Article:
Archive | September, 2013
September 27, 2013

Gilgit & Hunza

When glacier hiking, if you don’t put sunblock on the bottom of and inside your nose, your nostrils will burn from the sun reflecting off the glacier. Good to know, right? I found this tip in the Pakistan Trekking Guide.

Gilgit is nothing special. It’s a dusty town with not much going on, just a jump-off point to the real North. My only goal here was to buy a few items, namely a watch, a warm cap that can cover my ears, sunglasses, and hiking boots and pole. After Gilgit there are no large towns and therefore no large markets so shopping is best done here.

My feature-rich Suunto Core watch (altimeter, barometer, compass, thermometer, depth meter, sunrise/sunset times) had just come back from repair (free under warrantee) but was with Colleen in the US. All my other watches were in a safety deposit box in Arlington, except for one that draws way too much attention to consider bringing. So what watch did I buy in Gilgit? I’m not proud to say this, but I bought my first fake watch, and of all things it was a Casio knock-off, but with a very special twist (I’ve never seen anything like it – video forthcoming). This set me back $1.90. Next I bought sunglasses for 75 cents. “Oakleys” were going for the same amount but after the Casio, I wanted to keep it real, so I got a brand called “hot buttered”. Why not? For warm cap, I got a handmade wool Chitrali topi for $3.80.

For hiking boots and pole, I went to a second hand shop. I wanted something durable to last me through both Pakistan and Nepal so buying the cheap local or low-quality Chinese stuff didn’t make sense. Instead I bought from stock left behind by past trekkers/climbers, second hand but of high quality. I found a pair of boots of the brand name “Meindl”, which I’d never heard of, but they oozed quality and felt comfy on my footsies so I sprung $19 for them. I searched for them online and found that they’re made in Bavaria (a good sign) and retail for $200-500. Score! There were no used hiking poles so I bought the nicest new one I could find and that cost $10.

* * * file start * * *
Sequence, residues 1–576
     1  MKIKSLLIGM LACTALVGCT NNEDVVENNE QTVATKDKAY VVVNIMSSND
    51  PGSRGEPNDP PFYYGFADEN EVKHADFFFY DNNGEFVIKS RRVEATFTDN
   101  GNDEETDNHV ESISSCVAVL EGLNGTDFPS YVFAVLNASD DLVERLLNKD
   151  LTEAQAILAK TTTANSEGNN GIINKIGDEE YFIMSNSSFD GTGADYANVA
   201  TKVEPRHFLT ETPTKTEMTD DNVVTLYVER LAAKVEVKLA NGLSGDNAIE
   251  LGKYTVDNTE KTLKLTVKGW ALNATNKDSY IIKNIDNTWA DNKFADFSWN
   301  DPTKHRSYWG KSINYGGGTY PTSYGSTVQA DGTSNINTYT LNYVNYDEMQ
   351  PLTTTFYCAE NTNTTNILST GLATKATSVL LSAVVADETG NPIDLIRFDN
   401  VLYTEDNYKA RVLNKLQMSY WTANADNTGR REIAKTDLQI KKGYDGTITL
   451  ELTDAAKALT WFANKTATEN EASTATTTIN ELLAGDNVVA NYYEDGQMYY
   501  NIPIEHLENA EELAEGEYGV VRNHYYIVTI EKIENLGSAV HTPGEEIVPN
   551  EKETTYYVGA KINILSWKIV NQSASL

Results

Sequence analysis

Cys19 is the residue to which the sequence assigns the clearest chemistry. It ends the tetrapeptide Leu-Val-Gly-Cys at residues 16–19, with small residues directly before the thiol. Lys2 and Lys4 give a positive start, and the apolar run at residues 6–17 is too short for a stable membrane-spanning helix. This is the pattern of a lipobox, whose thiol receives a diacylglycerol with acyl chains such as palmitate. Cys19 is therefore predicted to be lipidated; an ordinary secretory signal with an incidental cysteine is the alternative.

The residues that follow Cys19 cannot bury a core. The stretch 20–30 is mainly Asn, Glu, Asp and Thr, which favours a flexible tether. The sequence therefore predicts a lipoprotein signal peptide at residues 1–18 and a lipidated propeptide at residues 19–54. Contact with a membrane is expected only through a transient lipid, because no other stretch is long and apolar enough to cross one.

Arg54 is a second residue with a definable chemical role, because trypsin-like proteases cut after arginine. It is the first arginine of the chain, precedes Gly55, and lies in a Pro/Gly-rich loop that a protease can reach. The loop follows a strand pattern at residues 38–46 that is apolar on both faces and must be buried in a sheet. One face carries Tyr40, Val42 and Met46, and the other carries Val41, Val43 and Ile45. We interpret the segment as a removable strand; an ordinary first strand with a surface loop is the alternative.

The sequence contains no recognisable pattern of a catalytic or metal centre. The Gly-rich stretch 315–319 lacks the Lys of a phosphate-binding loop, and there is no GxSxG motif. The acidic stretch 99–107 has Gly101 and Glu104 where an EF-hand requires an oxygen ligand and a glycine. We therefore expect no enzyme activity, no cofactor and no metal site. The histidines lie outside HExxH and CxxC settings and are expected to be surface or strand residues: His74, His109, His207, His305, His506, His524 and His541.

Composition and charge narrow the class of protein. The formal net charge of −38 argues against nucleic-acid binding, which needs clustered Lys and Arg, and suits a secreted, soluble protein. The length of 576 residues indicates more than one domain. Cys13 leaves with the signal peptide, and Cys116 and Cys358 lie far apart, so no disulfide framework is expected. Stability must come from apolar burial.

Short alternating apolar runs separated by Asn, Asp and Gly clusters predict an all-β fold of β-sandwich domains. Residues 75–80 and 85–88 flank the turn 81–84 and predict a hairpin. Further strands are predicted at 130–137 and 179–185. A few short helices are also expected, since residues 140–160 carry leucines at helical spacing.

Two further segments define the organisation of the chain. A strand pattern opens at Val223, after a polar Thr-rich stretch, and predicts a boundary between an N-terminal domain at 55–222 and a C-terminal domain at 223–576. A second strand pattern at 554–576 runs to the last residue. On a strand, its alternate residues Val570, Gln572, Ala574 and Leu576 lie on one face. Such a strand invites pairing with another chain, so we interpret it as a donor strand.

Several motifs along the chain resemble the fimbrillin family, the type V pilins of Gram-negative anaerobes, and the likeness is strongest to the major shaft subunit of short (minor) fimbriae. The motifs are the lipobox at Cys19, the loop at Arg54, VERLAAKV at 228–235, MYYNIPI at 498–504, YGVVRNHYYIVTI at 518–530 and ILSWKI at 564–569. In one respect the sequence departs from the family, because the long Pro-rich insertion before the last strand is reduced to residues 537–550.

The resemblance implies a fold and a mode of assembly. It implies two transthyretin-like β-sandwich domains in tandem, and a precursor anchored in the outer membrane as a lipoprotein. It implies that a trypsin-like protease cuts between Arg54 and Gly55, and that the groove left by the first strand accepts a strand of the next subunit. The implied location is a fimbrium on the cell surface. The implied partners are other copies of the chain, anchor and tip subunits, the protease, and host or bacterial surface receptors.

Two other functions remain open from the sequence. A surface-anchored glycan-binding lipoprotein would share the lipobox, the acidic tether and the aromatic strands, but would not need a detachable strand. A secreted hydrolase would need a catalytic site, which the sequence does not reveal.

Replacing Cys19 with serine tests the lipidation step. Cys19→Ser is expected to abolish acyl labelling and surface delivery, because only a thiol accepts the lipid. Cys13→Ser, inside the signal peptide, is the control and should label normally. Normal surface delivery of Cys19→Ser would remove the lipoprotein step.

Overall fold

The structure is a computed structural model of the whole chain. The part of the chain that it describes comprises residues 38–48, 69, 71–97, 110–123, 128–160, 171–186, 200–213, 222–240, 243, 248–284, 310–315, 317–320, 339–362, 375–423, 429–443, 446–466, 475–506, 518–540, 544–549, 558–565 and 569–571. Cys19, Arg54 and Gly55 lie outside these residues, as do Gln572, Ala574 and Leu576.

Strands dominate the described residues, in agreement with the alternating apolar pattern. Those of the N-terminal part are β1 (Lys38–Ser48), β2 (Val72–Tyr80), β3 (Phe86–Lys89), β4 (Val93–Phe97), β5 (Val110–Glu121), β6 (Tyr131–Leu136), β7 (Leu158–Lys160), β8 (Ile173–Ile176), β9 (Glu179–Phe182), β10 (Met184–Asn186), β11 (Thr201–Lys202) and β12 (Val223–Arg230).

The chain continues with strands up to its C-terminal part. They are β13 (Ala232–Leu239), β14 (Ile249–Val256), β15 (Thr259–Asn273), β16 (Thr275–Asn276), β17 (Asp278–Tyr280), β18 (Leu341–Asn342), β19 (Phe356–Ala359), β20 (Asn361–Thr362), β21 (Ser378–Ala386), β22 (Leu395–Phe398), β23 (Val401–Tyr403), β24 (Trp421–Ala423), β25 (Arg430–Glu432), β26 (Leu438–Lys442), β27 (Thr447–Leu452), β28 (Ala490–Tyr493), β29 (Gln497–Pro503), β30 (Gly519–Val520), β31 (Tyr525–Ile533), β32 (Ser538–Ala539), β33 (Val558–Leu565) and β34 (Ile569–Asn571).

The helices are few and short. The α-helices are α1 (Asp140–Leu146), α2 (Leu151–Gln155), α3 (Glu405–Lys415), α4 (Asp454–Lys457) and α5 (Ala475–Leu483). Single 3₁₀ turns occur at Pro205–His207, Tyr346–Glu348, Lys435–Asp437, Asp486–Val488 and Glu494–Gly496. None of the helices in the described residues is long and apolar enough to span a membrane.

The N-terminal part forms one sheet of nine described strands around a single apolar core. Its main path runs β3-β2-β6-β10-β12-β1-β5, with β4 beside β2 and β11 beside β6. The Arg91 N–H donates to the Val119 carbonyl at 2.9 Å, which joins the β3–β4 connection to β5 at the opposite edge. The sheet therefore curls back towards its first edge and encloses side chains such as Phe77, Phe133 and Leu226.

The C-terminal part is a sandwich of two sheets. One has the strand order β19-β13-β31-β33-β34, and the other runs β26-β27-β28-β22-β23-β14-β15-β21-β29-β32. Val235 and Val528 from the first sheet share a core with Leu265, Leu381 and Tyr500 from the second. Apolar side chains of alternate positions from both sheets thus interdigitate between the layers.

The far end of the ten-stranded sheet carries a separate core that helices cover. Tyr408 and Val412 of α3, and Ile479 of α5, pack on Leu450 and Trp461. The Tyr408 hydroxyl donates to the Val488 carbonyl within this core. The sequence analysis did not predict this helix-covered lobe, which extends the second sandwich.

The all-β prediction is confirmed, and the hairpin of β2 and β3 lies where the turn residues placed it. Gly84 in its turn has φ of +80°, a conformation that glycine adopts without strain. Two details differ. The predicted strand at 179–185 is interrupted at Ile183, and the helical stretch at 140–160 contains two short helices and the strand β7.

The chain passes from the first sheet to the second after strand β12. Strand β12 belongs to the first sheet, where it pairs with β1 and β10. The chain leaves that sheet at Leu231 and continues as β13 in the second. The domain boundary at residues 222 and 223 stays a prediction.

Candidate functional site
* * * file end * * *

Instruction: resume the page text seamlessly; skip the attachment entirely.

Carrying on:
With shopping done, I headed to the local Aga Khan Rural Support Program (AKRSP) office to meet the team there. We discussed their current portfolio of projects including value chain development for the precious and semi-precious gems sector, electrifying remote villages with micro-hydro and solar PV, and youth and entrepreneurship development, among many others. AKRSP is the largest NGO by far in the Northern Areas and the one I’m consulting for on a different environmental project. While outside the scope of my engagement, it was fascinating to discuss high-level regional strategy with the management team. We basically did a rudimentary SWOT analysis for some of the more important projects and I respectfully shared a few observations and suggestions based on my experience doing similar work. The team was incredibly receptive to my inputs which made me feel great, but upon further reflection, it’s quite possible they were just being kind to the chubby burger kid from Karachi. For non-Pakistanis, burger is slang for rich westernized buffoon from the city.

I took a public minivan to Hunza in the evening. It was one of those annoying ones that leaves as soon as it’s full, however long that takes. I wound up waiting 80 minutes and then was crammed into a 12 seater with 17 other people (luggage and two people on the roof). I guess that’s why it only costs $2.60 for a 2 hour journey. In Hunza, I checked into the Hunza Embassy – $15 for double room including breakfast AND FREE WiFi! Woohoo!

I woke up the next morning to glory! The view made my heart sing glory glory hallelujah! I arrived in the night so had no idea what was I was surrounded by, which as it turned out was natural awesomeness – green pastures with grazing animals surrounded by humungous snow-capped peaks that shone in the warm sunshine. It seemed the whole valley had a halo, and off course, a river ran through it. Hunza is spectacularly beautiful! Here is a picture of my breakfast spot. In the background you can see part of Rakaposhi (25,551 ft), the 27th tallest mountain in the world.

The locals speak a language called Burushaski and many of them are descendants of soldiers from the armies of Alexander the Great who left many men behind in the area. The sale of cigarettes is banned. Electricity is rationed on a set schedule, outside of which hotels and a few big businesses run generators and everyone else burns kerosene lanterns.

I didn’t do much the first day, just walked around town, crossed the river over the Ganesh bridge (the name a legacy from Hindu times) and checked out some animist rock carvings from the 2nd century AD. There are two historical forts around town. I’m going to check those out tomorrow and also do some hiking with my large pack to build endurance and acclimate to hard physical exertion at this altitude. So far I’ve been ok but I did get a headache after an uphill segment today, which I’m still feeling. Unlike in Cusco, I have no Coca tea to help with the altitude sickness, although I have been drinking the local herbal tea called Tumuro and it’s quite delicious, whether or not it helps with altitude sickness.